FILE – In this Wednesday, March 11, 2020 file photo, a technician prepares COVID-19 coronavirus patient samples for testing at a laboratory in New York’s Long Island. Wide scale testing is a critical part of tracking and containing infectious diseases. But the U.S. effort has been plagued by a series of missteps, including accuracy problems with the test kits the CDC sent to other labs and bureaucratic hurdles that slowed the entrance of large, private sector labs.
AP Photo/John Minchillo
CDC Director Robert Redfield noted Friday that a dozen different models predict a rising rate of death from COVID-19 in the coming weeks.
By June 1, Redfield said, more than 100,000 Americans will likely have died from the coronavirus.
On May 4, President Donald Trump said 100,000 Americans, total, would likely die from the virus.
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By the time June 1 comes around, more than 100,000 Americans will likely have died from COVID-19, according to the US Centers for Disease Control and Prevention. A dozen different models are all forecasting an increasing rate of death in the coming weeks, even as some states have already begun reopening their economies.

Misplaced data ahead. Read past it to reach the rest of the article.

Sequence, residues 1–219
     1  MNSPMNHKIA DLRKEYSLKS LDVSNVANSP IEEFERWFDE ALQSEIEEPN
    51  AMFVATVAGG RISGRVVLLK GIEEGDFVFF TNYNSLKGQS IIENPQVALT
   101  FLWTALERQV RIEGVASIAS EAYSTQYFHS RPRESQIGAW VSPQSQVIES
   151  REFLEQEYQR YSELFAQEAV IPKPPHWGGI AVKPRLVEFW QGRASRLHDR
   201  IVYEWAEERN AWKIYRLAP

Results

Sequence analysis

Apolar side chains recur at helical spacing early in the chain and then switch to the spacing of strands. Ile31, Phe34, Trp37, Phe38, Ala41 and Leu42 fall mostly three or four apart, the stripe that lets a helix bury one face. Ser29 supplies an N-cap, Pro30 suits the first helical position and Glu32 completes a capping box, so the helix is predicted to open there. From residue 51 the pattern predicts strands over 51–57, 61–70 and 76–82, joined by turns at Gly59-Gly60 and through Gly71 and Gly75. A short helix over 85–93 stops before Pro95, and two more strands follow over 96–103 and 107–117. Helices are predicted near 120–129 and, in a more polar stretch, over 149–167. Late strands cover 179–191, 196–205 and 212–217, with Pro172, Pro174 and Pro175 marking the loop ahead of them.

In a May 4 town hall, US President Donald Trump told Fox News viewers that, total, “we’re going to lose anywhere from 75, 80 to 100,000 people.” At that point, there were 68,000 confirmed deaths from COVID-19; as of May 14, there were more than 80,000.
On Friday, CDC Director Robert Redfield stated that the number will likely exceed the president’s latest worst-case scenario (itself a revision up from the “maybe 65,000” Trump predicted in April) by the end of this month.
Based on the analysis of 12 individual forecasts, the CDC now predicts “the number of cumulative reported deaths are likely to exceed 100,000 by June 1st.” And the data suggests that, even as some states have begun easing lock downs, the worst is yet to come, with all the models indicating “an increase in deaths in the coming weeks.”
As Business Insider reported earlier this month, four states that have already begun opening up are conducting far too little testing to safely do so, according to researchers at Harvard University. Those researchers said the US needed to increase testing 400%, at a minimum, to have any hope of opening up safely — and not exacerbating the spread of the coronavirus.
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